Genealogy programs are loaded with features that vary from one program to the next. Experts say you should look for these features in family-tree software:

  • GEDCOM compatibility. All the popular programs let you import and export Genealogical Data Communication (GEDCOM) files, the universal family-tree file format. If you and your relatives use different genealogy programs, you can still swap family data as long as you work with GEDCOM and not your programs' proprietary file formats. Just email a GEDCOM file to relatives or upload portions of your family tree to one of the many free online pedigree databases. Your kin can then download that file and incorporate the data into their own family files. Some programs do handle transfers better than others, however. Small bits of data can get lost between your relative's computer and your own.
  • Start free and go from there. Genealogy is one of those hobbies, like scrapbooking, that lots of people start -- then lose interest in. If you're not sure you're ready to commit to deep diving, or if you just want to create some simple family trees, go for free software. RootsMagic Essentials is the best bet right now. If you find you outgrow the software's capabilities, you can seamlessly upgrade to the more full-featured paid version.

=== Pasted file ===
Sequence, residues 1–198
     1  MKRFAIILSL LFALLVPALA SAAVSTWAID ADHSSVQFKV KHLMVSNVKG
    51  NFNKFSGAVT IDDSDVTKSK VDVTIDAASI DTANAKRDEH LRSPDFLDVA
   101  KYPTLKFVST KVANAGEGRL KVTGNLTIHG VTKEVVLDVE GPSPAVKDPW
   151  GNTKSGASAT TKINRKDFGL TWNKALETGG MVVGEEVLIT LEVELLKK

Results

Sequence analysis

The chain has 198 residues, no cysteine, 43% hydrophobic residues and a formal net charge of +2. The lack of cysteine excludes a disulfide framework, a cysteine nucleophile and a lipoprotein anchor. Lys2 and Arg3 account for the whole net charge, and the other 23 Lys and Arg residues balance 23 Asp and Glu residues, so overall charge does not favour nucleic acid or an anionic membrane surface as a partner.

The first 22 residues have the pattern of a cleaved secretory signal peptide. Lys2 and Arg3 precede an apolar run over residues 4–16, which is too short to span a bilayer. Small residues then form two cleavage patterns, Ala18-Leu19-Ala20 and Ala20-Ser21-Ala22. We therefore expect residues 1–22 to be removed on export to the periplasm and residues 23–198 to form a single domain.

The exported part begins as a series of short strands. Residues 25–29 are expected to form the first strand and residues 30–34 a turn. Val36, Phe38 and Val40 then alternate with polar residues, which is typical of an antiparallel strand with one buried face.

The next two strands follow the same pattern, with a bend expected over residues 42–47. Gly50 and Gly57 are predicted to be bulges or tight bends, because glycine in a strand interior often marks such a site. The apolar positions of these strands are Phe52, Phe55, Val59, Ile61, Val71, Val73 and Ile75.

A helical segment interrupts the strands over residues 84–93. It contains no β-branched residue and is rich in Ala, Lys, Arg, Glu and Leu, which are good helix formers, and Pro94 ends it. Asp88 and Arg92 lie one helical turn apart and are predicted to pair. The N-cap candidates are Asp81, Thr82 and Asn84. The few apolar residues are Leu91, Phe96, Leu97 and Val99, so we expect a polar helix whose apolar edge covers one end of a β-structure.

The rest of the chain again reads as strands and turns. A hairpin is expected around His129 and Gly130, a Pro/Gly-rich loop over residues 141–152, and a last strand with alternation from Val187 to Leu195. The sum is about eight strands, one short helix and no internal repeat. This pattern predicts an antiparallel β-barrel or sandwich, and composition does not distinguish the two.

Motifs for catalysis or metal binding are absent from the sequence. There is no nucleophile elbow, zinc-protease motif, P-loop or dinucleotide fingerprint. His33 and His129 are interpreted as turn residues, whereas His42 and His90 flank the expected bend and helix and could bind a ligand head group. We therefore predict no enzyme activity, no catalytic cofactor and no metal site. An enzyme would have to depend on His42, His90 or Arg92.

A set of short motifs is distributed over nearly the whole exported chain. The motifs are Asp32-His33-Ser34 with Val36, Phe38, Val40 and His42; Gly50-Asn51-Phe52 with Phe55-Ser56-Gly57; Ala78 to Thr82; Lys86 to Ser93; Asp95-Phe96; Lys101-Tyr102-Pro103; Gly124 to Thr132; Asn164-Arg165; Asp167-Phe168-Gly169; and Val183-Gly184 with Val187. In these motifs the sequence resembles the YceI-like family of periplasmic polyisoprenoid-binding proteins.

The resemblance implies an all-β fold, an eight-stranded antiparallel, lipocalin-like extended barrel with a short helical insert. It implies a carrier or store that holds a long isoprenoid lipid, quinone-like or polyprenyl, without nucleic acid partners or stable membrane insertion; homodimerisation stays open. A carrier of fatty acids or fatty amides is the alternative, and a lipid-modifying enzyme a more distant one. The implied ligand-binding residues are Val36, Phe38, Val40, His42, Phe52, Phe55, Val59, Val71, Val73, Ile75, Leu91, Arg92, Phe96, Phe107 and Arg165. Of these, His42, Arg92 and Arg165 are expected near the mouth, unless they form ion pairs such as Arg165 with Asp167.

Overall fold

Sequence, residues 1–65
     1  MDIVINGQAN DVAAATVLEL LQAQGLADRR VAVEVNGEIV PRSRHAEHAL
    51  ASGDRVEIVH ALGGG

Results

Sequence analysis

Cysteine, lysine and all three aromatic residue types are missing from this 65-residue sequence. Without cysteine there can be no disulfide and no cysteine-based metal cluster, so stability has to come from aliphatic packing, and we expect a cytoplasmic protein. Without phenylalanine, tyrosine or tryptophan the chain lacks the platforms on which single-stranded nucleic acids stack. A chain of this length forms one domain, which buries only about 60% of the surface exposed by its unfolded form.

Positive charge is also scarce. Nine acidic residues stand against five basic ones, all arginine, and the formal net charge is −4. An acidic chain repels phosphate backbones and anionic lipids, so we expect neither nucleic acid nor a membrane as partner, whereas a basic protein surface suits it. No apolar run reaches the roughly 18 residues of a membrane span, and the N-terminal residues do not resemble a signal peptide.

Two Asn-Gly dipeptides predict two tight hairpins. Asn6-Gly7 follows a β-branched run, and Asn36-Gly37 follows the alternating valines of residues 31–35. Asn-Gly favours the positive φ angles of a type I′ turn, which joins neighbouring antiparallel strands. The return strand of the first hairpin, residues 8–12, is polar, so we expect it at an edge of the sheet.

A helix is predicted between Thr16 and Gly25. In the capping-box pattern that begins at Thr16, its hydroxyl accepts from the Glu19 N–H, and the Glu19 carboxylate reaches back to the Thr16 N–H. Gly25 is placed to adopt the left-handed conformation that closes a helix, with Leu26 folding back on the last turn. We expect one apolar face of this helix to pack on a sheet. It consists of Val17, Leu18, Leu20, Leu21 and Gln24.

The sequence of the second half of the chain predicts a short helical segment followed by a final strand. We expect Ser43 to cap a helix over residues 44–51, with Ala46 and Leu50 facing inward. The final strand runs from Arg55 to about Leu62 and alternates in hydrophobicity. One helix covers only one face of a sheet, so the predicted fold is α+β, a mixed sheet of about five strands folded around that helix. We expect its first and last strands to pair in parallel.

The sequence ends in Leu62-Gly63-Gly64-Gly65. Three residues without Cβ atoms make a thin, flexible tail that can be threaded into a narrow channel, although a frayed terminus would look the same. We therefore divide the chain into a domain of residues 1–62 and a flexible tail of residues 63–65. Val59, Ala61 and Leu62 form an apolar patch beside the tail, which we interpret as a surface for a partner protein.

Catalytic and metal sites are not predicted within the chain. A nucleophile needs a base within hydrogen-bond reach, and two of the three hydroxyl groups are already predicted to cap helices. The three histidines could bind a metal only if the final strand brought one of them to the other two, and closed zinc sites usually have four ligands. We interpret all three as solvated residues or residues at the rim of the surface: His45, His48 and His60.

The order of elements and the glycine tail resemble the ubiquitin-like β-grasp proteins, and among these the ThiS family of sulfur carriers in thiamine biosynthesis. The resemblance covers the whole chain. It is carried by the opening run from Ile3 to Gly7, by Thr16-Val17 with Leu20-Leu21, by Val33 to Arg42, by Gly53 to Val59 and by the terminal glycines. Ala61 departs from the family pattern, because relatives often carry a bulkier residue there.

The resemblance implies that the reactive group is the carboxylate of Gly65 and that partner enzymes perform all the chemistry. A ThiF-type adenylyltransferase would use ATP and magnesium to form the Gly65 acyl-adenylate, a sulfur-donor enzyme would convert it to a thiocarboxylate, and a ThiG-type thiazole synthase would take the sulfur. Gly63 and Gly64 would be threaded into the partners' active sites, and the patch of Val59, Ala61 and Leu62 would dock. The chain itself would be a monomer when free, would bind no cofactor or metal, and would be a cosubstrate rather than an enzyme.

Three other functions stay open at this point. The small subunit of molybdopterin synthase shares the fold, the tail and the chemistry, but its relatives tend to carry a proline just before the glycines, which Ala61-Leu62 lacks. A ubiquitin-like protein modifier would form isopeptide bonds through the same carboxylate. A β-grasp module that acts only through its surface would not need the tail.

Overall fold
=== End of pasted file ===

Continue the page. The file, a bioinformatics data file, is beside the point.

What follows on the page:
• Web capabilities. The Internet has become a key part of genealogical research. Most software programs help users create a website so they can share research with others online. Both RootsMagic 4 and Reunion 9 (for Mac users) will publish your data online automatically -- if you so choose. The Master Genealogist v7 Gold can output to HTML for web pages.

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